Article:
| Jayne Ruppert, Chuck Weed, and Peter Bolger|
Beaverton Civic Theatre’s ambitious fall offering of The Man Who Came to Dinner is a huge show in many respects. Start with the playwrights – Pulitzer Prize winners George S. Kaufman and Moss Hart, who teamed up on this and several other much-loved works of the American stage. Add in a massive cast, with 23 players who fill 32 roles. Top it off with a l-o-n-g script - it’s a sprawling, three-act comedy with two intermissions, three hours plus of lots of dialogue peppered with countless laugh lines and a hefty dose of physical comedy (Kaufman also wrote for the Marx Brothers, and it shows). Director Matt Gibson must have faced some profound challenges when it came time to cast his show – a classic laden with a few dream leads and lots of hilarious supporting roles that inevitably draws a plethora of eager and able auditioners, and he managed to snag a few of the area’s best comic actors for his show.
The play is set in the late 1930s in the upscale Stanley home in Mesalia, Ohio. The story (and the universe, in the opinion of the main character) revolves around the plight of Sheridan Whiteside, an utterly self-centered radio personality on a speaking tour who injures himself slipping on ice outside the Stanley home. Soon after the Stanleys bring him into their home to recuperate, they discover that Sheridan is the houseguest from hell. The Stanleys take refuge upstairs after Sheridan takes over their living room, den, telephone, and staff for the two-week period leading up to Christmas morning. When not kvetching at his long-suffering assistant Maggie, berating his nurse and doctor, and offering unsolicited advice to family members, he entertains a series of guests including several paroled ex-cons and some extraordinarily eccentric show biz types. While he thoroughly alienates Mr. and Mrs. Stanley, he does bond with the two Stanley children, the bizarre Aunt Harriet, the household staff, and local newspaper man/aspiring playwright Bert Jefferson. When Maggie finds romance with Bert and the two become engaged, Whiteside commits the ultimate transgression, using subterfuge to break them up rather than lose his assistant. Act III is laden with surprises, and things work out pretty well, but with a final twist that leaves the family and the audience with a parting groan.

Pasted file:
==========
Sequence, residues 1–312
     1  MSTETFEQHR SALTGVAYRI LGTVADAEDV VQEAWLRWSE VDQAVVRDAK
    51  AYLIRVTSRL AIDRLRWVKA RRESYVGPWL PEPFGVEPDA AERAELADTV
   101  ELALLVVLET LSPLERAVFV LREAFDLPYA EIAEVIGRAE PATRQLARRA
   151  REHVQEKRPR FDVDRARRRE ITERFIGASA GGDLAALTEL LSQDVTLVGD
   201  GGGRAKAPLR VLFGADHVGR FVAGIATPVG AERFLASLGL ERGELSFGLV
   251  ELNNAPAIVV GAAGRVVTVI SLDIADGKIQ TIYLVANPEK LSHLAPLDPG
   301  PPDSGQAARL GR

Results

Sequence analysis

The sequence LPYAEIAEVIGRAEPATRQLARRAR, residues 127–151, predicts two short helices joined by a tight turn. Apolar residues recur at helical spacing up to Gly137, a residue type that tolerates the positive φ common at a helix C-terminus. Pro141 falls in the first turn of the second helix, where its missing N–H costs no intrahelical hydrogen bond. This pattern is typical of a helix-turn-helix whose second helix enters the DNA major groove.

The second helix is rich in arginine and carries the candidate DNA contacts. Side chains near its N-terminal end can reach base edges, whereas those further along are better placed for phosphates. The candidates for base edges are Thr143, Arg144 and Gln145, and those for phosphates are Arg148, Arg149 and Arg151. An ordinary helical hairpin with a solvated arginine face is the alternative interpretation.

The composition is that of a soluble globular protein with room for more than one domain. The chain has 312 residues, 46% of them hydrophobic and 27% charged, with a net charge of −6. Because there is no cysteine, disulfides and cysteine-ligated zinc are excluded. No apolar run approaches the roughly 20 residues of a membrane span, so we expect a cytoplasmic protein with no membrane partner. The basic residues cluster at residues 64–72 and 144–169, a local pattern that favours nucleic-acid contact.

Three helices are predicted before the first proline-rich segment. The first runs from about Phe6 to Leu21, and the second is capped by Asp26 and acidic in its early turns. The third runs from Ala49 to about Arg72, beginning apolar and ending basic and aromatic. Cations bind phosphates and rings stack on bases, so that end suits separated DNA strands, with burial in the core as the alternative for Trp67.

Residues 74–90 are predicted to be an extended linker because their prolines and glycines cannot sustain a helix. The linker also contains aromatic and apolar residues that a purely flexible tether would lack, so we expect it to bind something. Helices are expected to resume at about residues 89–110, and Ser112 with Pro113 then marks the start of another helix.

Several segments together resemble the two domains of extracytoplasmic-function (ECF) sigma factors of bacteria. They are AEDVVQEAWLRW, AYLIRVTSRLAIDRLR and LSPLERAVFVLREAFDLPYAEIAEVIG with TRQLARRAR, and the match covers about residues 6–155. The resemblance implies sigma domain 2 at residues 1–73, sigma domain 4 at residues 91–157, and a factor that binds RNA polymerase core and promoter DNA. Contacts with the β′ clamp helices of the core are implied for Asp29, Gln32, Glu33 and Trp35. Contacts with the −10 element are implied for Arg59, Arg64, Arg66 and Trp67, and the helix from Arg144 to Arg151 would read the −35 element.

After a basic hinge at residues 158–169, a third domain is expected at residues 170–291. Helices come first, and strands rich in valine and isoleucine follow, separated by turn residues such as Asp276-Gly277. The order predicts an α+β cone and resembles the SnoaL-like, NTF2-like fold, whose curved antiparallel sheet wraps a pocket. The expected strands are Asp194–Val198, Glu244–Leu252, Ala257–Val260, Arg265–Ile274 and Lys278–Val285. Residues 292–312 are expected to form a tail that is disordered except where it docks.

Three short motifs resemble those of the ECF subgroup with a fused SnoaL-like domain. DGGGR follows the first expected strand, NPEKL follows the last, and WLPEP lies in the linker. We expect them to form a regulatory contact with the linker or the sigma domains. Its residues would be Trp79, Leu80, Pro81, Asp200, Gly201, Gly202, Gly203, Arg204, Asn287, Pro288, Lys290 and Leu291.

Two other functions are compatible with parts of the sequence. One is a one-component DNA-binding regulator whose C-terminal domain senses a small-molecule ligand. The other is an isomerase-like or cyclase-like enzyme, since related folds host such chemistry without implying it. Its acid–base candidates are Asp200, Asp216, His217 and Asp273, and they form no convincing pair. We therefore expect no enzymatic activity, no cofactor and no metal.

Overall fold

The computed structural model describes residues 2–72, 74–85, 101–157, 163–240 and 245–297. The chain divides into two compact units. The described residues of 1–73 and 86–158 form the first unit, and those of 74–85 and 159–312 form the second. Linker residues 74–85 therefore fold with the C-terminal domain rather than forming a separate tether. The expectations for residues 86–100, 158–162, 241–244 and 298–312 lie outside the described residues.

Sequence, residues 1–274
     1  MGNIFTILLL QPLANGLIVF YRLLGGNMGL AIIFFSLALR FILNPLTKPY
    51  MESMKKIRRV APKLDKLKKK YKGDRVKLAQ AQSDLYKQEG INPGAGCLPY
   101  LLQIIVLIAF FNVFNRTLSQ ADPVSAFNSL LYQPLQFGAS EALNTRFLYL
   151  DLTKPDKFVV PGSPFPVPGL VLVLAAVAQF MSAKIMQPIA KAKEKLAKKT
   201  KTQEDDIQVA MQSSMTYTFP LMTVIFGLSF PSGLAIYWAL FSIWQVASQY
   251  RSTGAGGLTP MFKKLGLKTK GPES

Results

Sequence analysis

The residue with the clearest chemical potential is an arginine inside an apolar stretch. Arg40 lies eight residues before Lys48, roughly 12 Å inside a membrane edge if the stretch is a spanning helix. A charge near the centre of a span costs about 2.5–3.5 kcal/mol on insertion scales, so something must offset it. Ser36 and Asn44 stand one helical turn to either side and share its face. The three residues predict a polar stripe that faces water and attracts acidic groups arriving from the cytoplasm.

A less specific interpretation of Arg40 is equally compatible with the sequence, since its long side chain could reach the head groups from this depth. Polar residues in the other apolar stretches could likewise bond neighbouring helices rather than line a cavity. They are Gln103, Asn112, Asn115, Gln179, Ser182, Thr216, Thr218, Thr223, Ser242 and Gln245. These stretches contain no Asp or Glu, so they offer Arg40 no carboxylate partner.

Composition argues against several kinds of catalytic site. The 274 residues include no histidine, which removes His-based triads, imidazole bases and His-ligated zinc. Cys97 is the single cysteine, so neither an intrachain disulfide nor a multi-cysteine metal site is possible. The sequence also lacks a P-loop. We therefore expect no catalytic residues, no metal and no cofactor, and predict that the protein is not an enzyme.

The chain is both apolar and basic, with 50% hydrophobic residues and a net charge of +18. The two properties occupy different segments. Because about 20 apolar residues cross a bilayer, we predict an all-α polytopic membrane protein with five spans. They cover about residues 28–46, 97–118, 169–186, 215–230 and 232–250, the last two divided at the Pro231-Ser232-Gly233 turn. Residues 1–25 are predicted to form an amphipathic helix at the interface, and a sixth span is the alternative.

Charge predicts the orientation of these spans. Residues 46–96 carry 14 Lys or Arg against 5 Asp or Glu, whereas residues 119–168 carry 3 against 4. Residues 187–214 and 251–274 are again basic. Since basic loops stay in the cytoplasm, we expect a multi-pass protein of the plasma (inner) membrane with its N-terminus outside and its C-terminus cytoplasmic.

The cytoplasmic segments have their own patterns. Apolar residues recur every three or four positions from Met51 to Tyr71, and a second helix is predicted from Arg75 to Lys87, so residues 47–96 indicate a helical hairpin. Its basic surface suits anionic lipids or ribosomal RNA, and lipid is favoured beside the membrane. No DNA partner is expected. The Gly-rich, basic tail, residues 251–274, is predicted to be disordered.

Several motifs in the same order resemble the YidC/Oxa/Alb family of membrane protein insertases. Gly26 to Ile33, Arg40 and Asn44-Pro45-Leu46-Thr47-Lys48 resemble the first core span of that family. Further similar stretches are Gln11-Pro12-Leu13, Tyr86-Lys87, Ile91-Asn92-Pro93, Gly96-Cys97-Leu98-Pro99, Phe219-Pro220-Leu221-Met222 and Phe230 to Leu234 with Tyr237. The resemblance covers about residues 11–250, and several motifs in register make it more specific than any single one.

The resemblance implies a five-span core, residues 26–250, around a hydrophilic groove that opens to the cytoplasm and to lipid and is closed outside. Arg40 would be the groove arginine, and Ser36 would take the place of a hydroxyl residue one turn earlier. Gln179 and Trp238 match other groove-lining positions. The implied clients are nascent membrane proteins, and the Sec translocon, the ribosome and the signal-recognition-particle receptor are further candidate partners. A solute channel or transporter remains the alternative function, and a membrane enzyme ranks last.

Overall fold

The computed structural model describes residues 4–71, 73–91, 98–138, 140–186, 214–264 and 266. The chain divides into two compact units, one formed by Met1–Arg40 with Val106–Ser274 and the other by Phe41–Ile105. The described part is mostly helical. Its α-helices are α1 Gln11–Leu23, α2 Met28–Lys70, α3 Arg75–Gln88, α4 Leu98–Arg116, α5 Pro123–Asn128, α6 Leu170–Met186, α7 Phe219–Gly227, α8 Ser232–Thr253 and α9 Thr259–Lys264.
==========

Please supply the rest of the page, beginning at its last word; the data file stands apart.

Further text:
With such a large cast it’s only possible to recognize a few of the actors – starting with Chuck Weed’s fun and flexible take on Whiteside. As illustrated by his choice of friends/allies, Whiteside has no tolerance for Mid-Western pretentious mores, and Weed does a lovely job of switching between snidely pompous iconoclast, manipulative and overbearing boss, and enthusiastic supporter of the different, downtrodden and powerless (artists, actors, household help, children, and criminals). Erin Bickler’s Maggie is pitch-perfect as the brash, wisecracking assistant who takes a lot but never buckles – she reminds me of such 30s/40s comediennes as Joan Davis.
Two local comic heroes, Les Ico and Daniel Rhovan, live up to their hype and then some. Ico’s “Banjo” (Groucho? Harpo?) is a marvel of timing, delivery, and physicality – well worth waiting for, as he doesn’t appear until late in the play. Rhovan is equally memorable as the flamboyant “Beverly Carlton” (based on Noel Coward). Virginia Kincaid once again earns my “most disturbing” award as Aunt Harriet – another character with a big Act III payoff. Speaking of Act III payoffs, watch Patricia Alston as actress Lorraine Sheldon, who has clearly earned her loose-living reputation as well as her final disposition. For me, the real sleeper comic performance comes from Jayne Ruppert as the harassed yet stoic nurse, Miss Preen. Ruppert finds just the right level of deadpan desperation, and her restraint pays off with a solid round of applause when she finally lets it all out.
Director Gibson places 100% of the action in a detailed living room set, which allows him to eliminate lengthy scene changes that could slow down the action, and his pacing is brisk. Pam Taylor’s costume design is particularly effective, nicely capturing the 1930s era; the women’s dresses are particularly accurate, and lend a lot to the ambience.
Be prepared - even with minimal scene changes, The Man Who Came to Dinner is still a long show. I noticed a few audience members leaving after each intermission – a terrible decision, in my opinion, since Act III pays off so well – hang in there!
Beaverton Civic Theatre’s production of The Man Who Came to Dinner runs through Saturday, November 23d at the Beaverton City Library Auditorium, with 7:30 pm shows on Friday and Saturday and a 2:00 pm matinee on Sundays.